Entertainment

Video game review: 'Need for Speed: The Run'

Select a vehicle and race from one end of the United States to the other in ‘Need for Speed: The Run.’
Select a vehicle and race from one end of the United States to the other in ‘Need for Speed: The Run.’ ELECTRONIC ARTS

The “Need for Speed” games are all about flashy cars, police pursuit and, of course, driving as fast as possible.

Those elements alone wouldn’t support a series over 18 games in such a popular and competitive genre — the franchise has adapted with the times.

The latest version, “Need for Speed: The Run,” has you in the role of Jack Rourke, an expert driver in bad trouble with the mob. He narrowly escapes being crushed in an Oakland scrapyard’s compactor at the start of the game, flees under gunfire in a stolen mob car, and finds himself joining an illegal cross-country street race called The Run, with a $25 million purse that will pay off the debts he owes and hopefully get him out of the hot water he’s in.

Trouble is, there are more than 200 drivers ahead of him, police in pursuit of all of them, and more than 3,000 miles of road between San Francisco and the end of the race in New York. Jack doesn’t just have to stay in the race —he has to reach certain placing milestones, such as 150 or higher by Las Vegas, or be cut from the running. It’s a long haul.

You won’t be doing all of it, though. The game is broken up into segments, each a self-contained track with a start and end point. You’ll escape the police on the way out of San Francisco, then cross the Altamont Pass on the way to the Yosemite area, then on to points further east.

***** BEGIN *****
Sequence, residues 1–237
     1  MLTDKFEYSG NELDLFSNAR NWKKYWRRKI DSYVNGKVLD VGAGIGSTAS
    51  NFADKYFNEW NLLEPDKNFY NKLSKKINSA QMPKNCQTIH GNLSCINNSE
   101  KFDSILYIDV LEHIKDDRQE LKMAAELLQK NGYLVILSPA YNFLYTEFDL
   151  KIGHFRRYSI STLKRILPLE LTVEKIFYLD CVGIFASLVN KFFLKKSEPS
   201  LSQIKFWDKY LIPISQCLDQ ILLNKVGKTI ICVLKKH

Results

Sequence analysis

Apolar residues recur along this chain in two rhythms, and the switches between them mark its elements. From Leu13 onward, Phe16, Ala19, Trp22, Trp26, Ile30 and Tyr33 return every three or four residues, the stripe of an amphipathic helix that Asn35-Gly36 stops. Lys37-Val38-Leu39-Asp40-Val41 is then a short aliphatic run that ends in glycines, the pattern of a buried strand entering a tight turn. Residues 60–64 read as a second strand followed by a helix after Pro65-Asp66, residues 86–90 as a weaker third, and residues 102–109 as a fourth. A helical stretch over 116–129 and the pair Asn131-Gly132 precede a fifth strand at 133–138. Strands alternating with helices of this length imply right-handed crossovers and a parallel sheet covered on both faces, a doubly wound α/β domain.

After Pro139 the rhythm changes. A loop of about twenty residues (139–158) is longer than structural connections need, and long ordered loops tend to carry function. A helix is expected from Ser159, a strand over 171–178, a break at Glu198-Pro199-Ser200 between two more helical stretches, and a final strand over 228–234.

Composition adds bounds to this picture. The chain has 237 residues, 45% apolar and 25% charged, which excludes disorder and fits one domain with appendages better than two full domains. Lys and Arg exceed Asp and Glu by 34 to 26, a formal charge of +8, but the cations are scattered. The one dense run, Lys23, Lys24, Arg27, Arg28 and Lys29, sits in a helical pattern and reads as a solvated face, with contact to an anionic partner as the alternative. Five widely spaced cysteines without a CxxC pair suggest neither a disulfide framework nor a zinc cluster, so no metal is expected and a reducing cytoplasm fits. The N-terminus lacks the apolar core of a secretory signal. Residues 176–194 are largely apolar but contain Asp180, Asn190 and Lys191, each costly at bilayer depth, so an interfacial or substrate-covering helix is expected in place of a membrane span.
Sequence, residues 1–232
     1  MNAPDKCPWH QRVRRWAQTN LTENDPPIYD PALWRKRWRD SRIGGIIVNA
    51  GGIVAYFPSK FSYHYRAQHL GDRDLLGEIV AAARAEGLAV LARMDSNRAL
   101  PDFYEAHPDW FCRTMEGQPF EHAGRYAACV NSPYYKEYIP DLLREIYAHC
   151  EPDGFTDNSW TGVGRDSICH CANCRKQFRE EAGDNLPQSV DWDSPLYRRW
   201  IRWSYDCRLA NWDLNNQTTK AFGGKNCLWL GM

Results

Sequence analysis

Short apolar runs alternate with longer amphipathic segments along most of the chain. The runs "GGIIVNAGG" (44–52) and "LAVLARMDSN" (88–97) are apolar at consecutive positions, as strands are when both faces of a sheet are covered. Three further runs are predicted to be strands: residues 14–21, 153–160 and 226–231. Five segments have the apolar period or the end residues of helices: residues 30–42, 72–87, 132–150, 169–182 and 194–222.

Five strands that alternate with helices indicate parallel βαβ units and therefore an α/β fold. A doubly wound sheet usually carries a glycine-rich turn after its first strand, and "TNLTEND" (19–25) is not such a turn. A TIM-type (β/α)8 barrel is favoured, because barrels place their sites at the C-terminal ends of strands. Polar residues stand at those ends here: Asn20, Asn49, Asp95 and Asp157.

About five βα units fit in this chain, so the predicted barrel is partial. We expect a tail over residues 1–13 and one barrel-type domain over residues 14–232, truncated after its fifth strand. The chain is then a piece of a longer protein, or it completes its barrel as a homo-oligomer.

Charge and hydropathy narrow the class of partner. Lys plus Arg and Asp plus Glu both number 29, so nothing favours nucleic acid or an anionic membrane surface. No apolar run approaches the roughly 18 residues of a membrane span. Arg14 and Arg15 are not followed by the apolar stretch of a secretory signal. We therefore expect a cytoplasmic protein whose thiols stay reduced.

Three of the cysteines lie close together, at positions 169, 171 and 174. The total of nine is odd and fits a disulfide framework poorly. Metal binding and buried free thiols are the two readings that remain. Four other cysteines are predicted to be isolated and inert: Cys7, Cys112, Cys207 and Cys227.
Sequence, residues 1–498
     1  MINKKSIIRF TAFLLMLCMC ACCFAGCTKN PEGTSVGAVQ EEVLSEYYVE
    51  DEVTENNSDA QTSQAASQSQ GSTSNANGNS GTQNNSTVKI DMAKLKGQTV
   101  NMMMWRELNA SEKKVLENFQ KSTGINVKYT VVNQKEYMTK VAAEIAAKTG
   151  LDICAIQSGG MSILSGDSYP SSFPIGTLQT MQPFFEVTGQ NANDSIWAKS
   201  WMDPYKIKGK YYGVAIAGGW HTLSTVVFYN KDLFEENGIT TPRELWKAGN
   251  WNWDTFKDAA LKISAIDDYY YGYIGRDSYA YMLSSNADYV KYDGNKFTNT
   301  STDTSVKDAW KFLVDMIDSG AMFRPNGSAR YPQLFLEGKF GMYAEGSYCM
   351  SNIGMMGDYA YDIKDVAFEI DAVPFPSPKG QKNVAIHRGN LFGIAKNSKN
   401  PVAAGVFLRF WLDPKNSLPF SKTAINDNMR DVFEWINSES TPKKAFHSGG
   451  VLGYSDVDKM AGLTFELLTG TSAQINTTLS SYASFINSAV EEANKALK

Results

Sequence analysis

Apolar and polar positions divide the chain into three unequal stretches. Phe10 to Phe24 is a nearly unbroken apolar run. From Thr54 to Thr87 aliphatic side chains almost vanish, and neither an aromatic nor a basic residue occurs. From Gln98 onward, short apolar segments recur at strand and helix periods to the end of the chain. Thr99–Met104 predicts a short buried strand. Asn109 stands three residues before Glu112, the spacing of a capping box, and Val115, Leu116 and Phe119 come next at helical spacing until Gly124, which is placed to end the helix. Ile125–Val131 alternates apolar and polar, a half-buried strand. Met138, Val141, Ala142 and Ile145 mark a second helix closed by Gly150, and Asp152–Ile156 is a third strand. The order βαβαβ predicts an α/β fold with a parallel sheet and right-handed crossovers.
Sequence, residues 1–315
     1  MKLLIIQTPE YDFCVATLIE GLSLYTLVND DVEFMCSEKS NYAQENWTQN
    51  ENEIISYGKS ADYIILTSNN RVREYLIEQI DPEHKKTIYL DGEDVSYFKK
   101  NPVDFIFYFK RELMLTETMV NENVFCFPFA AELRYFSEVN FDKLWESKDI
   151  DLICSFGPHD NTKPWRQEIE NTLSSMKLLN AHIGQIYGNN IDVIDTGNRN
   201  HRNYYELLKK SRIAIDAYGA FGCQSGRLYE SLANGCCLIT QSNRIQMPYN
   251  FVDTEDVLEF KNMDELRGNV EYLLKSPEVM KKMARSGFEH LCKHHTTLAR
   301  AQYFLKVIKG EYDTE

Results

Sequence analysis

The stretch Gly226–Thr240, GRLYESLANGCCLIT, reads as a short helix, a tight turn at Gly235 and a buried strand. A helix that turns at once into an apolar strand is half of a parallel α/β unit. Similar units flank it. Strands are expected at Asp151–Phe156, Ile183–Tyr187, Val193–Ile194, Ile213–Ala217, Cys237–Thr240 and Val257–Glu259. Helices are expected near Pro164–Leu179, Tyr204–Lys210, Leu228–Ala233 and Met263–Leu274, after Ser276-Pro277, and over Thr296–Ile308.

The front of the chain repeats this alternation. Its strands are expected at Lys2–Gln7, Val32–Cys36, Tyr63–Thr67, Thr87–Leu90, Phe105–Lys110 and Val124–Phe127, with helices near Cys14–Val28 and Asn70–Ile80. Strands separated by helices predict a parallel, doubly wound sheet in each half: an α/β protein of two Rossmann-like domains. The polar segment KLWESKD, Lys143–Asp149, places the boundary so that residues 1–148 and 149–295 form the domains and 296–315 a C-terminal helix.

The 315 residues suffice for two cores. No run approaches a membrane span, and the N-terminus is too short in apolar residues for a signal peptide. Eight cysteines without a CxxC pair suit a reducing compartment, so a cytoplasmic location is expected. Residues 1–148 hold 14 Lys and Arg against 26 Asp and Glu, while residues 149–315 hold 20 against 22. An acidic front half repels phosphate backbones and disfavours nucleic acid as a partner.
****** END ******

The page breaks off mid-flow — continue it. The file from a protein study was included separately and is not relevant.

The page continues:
Breaking up the game like this is surely necessary — 3,000 miles takes a long time to drive, even at reckless speeds. But it does rob the cross-country race concept of some of its potential — it’s hard to feel like you’re really traveling across numerous states when the driving you do is in increments of just a few miles, with hundreds of miles being traversed off-screen between playable events.

There are several types of racing events in “The Run” — racing against other cars to overtake them is a given, but there are also checkpoint races and battle races in which you have to overtake opponents within a tight time limit or be disqualified. The police will often pursue and set up roadblocks, and progressing through The Run opens up a variety of challenge events for play outside of the career mode.

There are also online multiplayer races for up to 16 players, though offline races are limited to a single player—always a disappointment in a racing game.

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